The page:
A pencil and a coffee cup show the size of NASA's teeny tiny PhoneSat
Report-A-Pest, the Fourth GPS IIF, PhoneSats, Russia's 24, and Precision Robots
State of California, USA
√ The California Agriculture department is using collective intelligence and GPS to “report a pest.” State residents can download the new CDFA smartphone app and use it to photograph and report bad bugs when they see ‘em. Those with iPhones can choose to send GPS coordinates for quick response to invasive pest emergencies.
2. TAKE FOUR
Cape Canaveral, Florida
√ The fourth GPS IIF took off from Cape Canaveral on May 15. It was the first time a ULA Atlas V rocket carried a GPS satellite. Once in orbit, SV66 will relieve from duty SVN33, a 19-year old Block IIA veteran, which will take emeritus status as a spare.
3. PHONE HOME
Wallops Island, Virginia
√ On April 22, NASA launched 3 off-the-shelf smartphones to find out if they could manage flight avionics, communications, and photography for a cheap mini-satellite. The consumer-grade “PhoneSats” have many of the needed capabilities already built in — including GPS. During the short experiment, they sent back beautiful earth images retrieved by ham radio operators. More PhoneSats will go up next year.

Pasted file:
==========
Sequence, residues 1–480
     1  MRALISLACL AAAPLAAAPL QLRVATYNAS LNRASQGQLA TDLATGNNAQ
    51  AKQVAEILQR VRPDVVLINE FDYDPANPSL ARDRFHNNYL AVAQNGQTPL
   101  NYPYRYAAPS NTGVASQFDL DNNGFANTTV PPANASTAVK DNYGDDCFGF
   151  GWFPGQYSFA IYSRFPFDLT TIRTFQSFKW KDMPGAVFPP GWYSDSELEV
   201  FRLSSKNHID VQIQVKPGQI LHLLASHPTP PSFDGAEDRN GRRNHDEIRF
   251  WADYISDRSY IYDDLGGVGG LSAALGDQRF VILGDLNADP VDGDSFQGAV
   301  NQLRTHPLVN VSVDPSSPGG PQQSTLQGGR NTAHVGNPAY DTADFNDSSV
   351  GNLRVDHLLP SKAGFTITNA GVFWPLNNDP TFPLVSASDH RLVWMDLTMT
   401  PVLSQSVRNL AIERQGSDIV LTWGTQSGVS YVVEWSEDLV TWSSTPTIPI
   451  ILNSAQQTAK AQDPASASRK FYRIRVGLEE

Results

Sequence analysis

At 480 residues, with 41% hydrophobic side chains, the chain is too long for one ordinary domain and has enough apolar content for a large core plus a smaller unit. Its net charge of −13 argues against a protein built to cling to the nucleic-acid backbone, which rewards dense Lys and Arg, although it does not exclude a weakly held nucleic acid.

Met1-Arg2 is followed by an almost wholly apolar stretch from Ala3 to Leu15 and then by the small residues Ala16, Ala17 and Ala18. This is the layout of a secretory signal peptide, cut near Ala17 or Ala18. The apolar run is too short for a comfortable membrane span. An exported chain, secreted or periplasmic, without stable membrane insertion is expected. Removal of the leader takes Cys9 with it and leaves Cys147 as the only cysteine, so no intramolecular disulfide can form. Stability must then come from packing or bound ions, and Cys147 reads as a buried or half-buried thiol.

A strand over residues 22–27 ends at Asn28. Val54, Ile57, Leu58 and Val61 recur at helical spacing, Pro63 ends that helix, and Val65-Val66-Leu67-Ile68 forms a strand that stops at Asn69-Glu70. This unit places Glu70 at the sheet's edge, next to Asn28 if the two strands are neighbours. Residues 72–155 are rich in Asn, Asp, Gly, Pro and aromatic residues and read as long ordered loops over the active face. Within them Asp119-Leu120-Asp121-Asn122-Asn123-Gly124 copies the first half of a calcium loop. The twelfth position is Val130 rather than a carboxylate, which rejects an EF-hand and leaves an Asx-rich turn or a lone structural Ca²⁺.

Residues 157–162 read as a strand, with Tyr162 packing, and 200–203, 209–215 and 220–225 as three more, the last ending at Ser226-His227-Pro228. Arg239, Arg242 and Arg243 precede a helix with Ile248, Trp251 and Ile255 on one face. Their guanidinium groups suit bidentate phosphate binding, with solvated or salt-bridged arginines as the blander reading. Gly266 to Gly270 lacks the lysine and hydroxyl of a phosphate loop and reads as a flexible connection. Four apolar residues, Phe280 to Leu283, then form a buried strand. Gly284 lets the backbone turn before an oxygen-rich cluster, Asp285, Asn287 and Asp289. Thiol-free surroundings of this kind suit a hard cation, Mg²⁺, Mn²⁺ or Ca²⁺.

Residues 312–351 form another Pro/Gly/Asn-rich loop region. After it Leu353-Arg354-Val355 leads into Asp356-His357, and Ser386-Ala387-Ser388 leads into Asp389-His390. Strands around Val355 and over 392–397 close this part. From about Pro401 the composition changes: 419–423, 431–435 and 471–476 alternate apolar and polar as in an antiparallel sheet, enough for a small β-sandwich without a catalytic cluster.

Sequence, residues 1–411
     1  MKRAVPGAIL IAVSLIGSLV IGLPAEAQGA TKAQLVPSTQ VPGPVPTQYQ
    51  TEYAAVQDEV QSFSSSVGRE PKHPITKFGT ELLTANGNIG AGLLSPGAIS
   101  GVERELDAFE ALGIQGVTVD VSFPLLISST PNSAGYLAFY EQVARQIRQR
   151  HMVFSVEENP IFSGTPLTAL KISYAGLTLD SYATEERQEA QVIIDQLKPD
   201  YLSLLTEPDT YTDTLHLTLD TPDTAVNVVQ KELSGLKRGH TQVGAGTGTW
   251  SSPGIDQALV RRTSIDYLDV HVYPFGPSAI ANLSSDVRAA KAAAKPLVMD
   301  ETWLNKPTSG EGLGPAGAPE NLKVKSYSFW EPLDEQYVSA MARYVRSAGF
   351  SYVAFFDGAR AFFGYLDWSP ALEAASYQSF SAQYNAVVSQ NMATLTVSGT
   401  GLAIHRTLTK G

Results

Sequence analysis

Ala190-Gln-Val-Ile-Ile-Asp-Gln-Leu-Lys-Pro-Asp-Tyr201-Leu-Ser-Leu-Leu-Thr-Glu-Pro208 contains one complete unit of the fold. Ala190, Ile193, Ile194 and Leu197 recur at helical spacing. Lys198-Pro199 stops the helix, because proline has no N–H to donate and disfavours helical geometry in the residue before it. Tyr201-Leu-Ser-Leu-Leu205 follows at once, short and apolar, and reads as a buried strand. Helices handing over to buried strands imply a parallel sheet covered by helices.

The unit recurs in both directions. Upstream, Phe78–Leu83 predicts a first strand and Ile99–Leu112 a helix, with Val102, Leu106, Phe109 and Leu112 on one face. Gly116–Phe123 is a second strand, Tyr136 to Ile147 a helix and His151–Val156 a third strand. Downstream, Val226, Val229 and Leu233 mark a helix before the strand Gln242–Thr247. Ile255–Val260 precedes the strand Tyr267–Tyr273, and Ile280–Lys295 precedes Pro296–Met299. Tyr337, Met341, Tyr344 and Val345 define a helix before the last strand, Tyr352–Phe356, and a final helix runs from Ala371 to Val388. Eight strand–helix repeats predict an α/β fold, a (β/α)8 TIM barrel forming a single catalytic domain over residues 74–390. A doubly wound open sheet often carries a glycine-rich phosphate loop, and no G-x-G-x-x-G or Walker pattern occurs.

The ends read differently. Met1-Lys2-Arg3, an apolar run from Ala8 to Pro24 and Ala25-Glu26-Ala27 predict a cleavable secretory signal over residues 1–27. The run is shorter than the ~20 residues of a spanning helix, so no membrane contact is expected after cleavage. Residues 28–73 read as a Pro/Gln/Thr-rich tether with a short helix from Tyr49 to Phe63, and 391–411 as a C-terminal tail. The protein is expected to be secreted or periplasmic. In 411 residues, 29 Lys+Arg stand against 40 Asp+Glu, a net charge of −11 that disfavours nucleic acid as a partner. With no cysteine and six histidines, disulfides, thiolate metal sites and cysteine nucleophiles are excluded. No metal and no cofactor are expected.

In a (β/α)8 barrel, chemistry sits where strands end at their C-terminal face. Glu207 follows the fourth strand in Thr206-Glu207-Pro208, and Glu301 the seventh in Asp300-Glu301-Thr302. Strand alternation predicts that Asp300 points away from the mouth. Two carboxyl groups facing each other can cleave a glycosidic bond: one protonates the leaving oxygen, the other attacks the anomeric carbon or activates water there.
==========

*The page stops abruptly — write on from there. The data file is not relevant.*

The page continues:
4. 24 AGAIN for GLONASS
Plesetsk, Russia and Honolulu, Hawaii
√ A Soyuz rocket successfully launched a 3,000-pound GLONASS-M satellite on April 28 from Plesetsk Cosmodrome. Sergey Revnivykh, director of the PNT Center, Roscosmos, said it will replace a failing satellite thus restoring Russia’s full 24-satellite constellation. He told a group at the ION Pacific PNT conference in Honolulu that the second K-type satellite will go up before the end of the year.
√ On May 20, two super-customized outdoor calibration robots introduced themselves to Australia’s 200 GNSS antennae with the goal of improving accuracy to less than one millimeter. "We know the robot’s tool point, to within 0.1 mm per year. Now, the intent is to characterize the behavior of the antenna as [multi-GNSS] signals enter it" said John Dawson, head of the national geographical survey geodesy program. The plan? Faster crustal deformation studies, better mobile devices and more.
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